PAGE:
Jane Eyre HTML version
Five o'clock had hardly struck on the morning of the 19th of January, when
Bessie brought a candle into my closet and found me already up and nearly
dressed. I had risen half-an-hour before her entrance, and had washed my face,
and put on my clothes by the light of a half-moon just setting, whose rays
streamed through the narrow window near my crib. I was to leave Gateshead
that day by a coach which passed the lodge gates at six a.m. Bessie was the
only person yet risen; she had lit a fire in the nursery, where she now proceeded
to make my breakfast. Few children can eat when excited with the thoughts of a
journey; nor could I. Bessie, having pressed me in vain to take a few spoonfuls of
the boiled milk and bread she had prepared for me, wrapped up some biscuits in
a paper and put them into my bag; then she helped me on with my pelisse and
bonnet, and wrapping herself in a shawl, she and I left the nursery. As we passed
Mrs. Reed's bedroom, she said, "Will you go in and bid Missis good-bye?"
"No, Bessie: she came to my crib last night when you were gone down to supper,
and said I need not disturb her in the morning, or my cousins either; and she told
me to remember that she had always been my best friend, and to speak of her
and be grateful to her accordingly."
"What did you say, Miss?"
"Nothing: I covered my face with the bedclothes, and turned from her to the wall."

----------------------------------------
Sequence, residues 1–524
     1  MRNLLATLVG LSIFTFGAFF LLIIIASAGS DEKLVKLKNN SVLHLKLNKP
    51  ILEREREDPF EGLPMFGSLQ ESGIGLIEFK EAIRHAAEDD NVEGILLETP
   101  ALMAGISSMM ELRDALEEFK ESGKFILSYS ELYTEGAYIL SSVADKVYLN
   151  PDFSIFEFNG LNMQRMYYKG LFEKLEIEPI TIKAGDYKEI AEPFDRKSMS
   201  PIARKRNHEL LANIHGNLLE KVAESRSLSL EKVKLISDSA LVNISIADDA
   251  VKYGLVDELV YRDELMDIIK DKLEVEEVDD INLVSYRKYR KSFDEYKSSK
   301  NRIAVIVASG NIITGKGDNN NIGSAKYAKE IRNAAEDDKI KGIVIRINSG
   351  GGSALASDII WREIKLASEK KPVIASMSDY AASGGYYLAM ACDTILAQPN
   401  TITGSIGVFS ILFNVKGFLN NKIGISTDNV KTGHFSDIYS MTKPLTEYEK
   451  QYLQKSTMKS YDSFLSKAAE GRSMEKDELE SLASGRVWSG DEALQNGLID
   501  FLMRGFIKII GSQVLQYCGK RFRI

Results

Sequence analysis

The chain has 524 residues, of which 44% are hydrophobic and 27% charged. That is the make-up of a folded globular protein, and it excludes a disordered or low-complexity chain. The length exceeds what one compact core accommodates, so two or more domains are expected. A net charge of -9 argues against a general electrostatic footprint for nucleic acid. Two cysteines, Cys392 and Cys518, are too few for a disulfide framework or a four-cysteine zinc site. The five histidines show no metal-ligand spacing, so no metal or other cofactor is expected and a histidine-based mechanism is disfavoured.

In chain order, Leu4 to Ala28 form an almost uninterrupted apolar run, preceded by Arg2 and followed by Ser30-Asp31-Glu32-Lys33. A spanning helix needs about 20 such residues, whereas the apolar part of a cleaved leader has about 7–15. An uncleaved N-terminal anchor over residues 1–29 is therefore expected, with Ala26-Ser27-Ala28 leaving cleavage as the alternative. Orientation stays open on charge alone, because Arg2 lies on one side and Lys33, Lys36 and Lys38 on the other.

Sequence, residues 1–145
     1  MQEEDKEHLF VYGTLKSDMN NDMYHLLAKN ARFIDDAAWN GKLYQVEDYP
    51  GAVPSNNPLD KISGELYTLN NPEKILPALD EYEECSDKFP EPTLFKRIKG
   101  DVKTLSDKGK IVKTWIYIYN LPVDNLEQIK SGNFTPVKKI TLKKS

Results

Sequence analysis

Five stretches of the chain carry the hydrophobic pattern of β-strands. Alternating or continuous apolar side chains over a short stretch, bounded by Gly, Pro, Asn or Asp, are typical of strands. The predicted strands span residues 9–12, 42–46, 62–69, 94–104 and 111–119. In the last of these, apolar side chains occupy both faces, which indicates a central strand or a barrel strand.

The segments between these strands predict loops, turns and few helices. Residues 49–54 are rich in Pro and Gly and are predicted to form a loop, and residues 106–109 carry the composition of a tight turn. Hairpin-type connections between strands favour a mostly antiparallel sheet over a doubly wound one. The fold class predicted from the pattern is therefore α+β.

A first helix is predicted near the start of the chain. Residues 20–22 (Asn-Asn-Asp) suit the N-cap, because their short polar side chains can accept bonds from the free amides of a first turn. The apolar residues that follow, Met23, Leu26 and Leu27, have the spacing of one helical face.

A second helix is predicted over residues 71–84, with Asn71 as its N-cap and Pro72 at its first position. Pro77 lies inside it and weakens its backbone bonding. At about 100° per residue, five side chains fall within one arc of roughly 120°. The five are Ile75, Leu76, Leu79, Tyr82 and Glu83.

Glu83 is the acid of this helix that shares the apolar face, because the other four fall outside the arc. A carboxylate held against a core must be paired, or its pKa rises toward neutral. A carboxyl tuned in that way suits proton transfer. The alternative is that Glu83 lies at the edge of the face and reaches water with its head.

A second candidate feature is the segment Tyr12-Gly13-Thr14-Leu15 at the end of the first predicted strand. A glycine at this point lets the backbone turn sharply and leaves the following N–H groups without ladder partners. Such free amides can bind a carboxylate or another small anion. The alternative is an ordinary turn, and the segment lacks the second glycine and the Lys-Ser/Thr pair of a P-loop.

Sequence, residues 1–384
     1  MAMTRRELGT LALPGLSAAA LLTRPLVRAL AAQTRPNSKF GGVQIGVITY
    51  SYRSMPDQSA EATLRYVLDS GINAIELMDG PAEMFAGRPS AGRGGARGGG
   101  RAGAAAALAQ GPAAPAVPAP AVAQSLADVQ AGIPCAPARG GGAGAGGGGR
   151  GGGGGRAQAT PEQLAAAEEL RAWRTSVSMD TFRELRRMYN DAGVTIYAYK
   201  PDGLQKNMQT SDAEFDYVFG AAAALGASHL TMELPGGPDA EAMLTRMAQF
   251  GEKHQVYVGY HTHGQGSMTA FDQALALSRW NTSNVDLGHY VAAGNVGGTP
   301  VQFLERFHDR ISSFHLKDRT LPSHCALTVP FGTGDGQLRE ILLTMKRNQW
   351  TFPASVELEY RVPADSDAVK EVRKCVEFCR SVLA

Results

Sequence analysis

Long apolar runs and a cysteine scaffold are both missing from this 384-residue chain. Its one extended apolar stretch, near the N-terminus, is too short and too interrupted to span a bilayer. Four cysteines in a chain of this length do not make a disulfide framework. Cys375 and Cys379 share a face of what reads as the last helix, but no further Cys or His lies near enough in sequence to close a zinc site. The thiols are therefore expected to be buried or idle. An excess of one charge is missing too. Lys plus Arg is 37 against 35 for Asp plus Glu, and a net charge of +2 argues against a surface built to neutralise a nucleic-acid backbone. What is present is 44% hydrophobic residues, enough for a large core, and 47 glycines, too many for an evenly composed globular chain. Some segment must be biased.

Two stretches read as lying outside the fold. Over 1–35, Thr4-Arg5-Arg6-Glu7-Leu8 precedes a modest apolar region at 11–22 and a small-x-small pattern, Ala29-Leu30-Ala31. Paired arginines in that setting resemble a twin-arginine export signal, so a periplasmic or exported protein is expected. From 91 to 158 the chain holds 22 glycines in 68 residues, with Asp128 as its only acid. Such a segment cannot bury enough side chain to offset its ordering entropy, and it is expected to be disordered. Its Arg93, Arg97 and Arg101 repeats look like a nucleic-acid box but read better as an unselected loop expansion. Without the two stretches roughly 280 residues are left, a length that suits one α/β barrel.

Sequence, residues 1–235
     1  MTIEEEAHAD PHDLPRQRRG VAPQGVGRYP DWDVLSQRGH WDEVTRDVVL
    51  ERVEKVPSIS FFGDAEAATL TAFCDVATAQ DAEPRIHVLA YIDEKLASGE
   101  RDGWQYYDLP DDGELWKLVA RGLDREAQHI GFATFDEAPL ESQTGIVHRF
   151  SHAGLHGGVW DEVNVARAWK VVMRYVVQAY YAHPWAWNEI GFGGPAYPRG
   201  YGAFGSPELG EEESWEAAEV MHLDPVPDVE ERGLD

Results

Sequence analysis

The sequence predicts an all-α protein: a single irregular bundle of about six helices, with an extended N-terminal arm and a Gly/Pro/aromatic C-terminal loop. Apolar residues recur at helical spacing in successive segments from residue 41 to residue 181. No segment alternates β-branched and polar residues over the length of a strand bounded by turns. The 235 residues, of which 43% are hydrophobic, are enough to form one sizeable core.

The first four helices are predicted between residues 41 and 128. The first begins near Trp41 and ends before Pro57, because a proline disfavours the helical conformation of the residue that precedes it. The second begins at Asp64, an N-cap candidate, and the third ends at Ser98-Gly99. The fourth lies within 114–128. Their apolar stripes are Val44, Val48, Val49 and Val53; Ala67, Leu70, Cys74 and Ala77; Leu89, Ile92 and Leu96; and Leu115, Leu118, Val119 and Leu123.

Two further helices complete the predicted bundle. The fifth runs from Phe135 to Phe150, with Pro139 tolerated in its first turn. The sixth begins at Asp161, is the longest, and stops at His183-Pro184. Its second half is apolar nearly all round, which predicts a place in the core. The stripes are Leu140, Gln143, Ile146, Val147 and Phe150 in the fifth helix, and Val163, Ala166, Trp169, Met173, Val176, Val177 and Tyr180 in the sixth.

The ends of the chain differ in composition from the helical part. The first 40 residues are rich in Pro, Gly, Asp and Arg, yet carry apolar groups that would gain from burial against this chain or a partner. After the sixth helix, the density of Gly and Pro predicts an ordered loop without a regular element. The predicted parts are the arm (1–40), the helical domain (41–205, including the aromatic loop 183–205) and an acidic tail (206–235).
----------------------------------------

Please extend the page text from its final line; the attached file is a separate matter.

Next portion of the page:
"That was wrong, Miss Jane."
"It was quite right, Bessie. Your Missis has not been my friend: she has been my
"O Miss Jane! don't say so!"
"Good-bye to Gateshead!" cried I, as we passed through the hall and went out at
the front door.
The moon was set, and it was very dark; Bessie carried a lantern, whose light
glanced on wet steps and gravel road sodden by a recent thaw. Raw and chill
was the winter morning: my teeth chattered as I hastened down the drive. There
was a light in the porter's lodge: when we reached it, we found the porter's wife
just kindling her fire: my trunk, which had been carried down the evening before,
stood corded at the door. It wanted but a few minutes of six, and shortly after that
hour had struck, the distant roll of wheels announced the coming coach; I went to
the door and watched its lamps approach rapidly through the gloom.
"Is she going by herself?" asked the porter's wife.
"And how far is it?"
"What a long way! I wonder Mrs. Reed is not afraid to trust her so far alone."
The coach drew up; there it was at the gates with its four horses and its top laden
with passengers: the guard and coachman loudly urged haste; my trunk was
hoisted up; I was taken from Bessie's neck, to which I clung with kisses.
"Be sure and take good care of her," cried she to the guard, as he lifted me into